- A 68-year-old shoemaker from Marikina feels overjoyed that the President wore the shoes he made
- He is Rolando Santos who has been making shoes for up to 54 years
- Without a size or a sample given, Santos was able to make a pair of boots for the president that fitted perfectly
“Hindi ako makapaniwala. Biruin mo, gawa ko nasuot ng president.”
[I can’t believe it. Imagine, the president wore my craft.]
These were the overjoyed words of a veteran shoemaker from Marikina as he described his feeling when President Rodrigo Duterte wore the boots he crafted with his own hands.
Photos and a video of the president showing off to his cabinet members the brown boots he is wearing that is made by a craftsman from Marikina circulated in several news outfits.
“May nagpadala nitong [sapatos], babae, sabi niya ginawa daw ng tatay niya sa Marikina,” he told cabinet members.
[Someone sent this shoes. A woman. She said this was made by his father in Marikina.]
The honored shoemaker is 68-year-old Rolando Santos.
In a story by GMA News on Thursday, Rolando said they just handed the shoes to a friend who tailors the clothes of the president. PhilStar said in its story that it was Boni Adaza of Chardin Fashion House in Davao City who disclosed the identity of the shoemaker.
“Nung maisukat ayos na ayos. Papaano ko daw nagawa ‘yon nang wala namang sample o sukat e nagawa at nagkasya,” he said.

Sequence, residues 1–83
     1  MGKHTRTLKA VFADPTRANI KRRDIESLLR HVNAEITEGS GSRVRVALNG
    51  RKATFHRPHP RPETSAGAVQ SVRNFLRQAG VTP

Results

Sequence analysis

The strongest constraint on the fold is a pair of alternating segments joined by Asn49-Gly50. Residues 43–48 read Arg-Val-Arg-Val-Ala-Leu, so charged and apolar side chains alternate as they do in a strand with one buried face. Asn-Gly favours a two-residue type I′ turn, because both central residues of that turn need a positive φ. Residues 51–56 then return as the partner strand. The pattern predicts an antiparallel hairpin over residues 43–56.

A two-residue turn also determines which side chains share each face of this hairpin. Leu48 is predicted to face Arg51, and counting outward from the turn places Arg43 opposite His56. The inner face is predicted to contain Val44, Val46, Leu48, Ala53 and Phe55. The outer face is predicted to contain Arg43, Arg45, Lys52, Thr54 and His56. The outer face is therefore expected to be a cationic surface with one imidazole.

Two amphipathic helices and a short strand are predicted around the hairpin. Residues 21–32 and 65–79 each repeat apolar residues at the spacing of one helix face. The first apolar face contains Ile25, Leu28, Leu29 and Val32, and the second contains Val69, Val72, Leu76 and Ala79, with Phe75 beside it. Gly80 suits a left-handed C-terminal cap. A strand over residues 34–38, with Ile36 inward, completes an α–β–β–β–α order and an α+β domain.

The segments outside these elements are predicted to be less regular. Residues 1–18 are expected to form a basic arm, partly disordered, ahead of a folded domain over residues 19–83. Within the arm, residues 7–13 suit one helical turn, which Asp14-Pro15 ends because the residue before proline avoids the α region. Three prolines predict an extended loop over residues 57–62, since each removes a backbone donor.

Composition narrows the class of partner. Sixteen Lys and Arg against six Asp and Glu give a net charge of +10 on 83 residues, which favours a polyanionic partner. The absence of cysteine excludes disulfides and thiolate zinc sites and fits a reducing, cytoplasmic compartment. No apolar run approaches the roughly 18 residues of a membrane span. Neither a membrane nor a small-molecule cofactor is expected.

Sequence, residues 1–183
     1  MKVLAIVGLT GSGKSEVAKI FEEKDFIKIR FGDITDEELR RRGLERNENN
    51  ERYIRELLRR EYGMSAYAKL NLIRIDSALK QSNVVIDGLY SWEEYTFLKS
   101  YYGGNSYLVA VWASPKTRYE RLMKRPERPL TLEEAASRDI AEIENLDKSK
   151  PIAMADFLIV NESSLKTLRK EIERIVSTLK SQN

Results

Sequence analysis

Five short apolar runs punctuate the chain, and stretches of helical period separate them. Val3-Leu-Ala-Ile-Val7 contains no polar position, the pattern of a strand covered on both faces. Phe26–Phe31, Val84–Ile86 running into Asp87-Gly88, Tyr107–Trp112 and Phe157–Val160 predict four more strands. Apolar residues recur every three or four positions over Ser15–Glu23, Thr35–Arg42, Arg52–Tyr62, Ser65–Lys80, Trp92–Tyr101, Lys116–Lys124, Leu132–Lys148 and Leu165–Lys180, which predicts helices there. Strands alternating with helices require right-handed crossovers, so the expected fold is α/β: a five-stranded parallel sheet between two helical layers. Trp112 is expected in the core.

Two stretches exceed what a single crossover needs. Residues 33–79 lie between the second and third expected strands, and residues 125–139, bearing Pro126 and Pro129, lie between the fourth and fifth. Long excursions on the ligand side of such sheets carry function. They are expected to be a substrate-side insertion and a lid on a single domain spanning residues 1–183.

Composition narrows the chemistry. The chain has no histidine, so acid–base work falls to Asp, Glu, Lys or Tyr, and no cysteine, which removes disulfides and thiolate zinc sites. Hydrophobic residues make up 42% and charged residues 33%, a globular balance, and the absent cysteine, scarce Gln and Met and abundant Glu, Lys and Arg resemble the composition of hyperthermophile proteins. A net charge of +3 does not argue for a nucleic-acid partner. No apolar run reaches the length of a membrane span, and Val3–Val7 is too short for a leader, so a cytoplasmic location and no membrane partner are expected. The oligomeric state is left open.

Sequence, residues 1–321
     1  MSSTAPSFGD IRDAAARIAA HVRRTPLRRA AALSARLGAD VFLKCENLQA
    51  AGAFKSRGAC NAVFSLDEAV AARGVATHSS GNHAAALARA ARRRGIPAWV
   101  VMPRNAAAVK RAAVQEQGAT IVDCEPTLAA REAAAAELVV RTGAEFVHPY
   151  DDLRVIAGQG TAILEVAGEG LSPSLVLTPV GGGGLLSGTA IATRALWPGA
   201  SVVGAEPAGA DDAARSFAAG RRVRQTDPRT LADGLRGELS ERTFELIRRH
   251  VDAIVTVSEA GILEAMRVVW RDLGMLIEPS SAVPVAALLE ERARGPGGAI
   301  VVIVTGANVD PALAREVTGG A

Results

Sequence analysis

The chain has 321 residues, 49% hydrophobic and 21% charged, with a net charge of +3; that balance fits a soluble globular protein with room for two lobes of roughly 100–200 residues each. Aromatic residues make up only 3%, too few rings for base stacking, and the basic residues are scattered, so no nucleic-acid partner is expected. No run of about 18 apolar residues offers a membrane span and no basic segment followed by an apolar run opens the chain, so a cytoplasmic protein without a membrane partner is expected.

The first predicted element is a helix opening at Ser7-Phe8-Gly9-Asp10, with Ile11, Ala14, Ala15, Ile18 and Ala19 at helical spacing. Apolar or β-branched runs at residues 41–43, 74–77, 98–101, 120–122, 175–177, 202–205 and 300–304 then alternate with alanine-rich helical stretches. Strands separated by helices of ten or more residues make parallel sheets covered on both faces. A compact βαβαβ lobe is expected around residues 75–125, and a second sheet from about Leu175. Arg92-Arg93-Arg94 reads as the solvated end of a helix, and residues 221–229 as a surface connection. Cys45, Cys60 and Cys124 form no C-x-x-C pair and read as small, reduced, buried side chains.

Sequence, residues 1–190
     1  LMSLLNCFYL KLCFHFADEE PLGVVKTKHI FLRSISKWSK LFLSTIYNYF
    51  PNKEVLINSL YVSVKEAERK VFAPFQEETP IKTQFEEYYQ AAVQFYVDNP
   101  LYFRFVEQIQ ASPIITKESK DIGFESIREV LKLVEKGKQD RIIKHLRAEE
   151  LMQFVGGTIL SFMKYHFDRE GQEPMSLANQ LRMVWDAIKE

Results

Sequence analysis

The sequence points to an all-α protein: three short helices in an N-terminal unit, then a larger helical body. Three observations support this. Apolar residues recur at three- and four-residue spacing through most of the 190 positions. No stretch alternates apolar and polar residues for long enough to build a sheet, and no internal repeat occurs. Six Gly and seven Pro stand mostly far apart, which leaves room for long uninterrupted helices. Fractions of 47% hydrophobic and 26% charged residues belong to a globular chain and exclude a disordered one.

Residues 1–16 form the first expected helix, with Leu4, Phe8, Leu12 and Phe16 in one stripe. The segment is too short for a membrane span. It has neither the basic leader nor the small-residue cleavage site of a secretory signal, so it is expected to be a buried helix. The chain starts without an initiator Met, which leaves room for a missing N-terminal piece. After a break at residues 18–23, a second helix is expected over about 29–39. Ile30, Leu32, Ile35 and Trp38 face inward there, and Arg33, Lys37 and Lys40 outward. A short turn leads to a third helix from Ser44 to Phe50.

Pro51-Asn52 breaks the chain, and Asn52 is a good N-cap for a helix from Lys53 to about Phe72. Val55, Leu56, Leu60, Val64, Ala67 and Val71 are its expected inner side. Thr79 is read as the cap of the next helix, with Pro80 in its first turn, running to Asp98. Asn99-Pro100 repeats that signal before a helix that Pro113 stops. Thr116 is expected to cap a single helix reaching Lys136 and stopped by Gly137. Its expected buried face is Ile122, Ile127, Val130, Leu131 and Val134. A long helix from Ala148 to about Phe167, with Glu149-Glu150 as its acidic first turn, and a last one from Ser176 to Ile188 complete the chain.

[It fitted him very well. They asked how did I manage to do it when there was no sample or size of Duterte given to me.]
In an interview with Kicker Daily, Lolo Rolando’s daughter said: “He is the only politician whom my father made shoes for out of admiration for him.“
Duterte, known to be a shoe lover, lauds the quality of Filipino craftsmanship not only in making shoes but also other products.
“Sa craftsmanship, number one ang Pilipino. Even sa furniture, walang makakatalo sa Pilipino,” he said.
[In craftsmanship, Filipinos are number one. Even in furnitures, no one can beat Filipinos.]
Marikina is known to be the city where quality shoes are made. But due to a competition with imported shoes that are cheaper, the industry has been pale with less young people from the city willing to continue the tradition.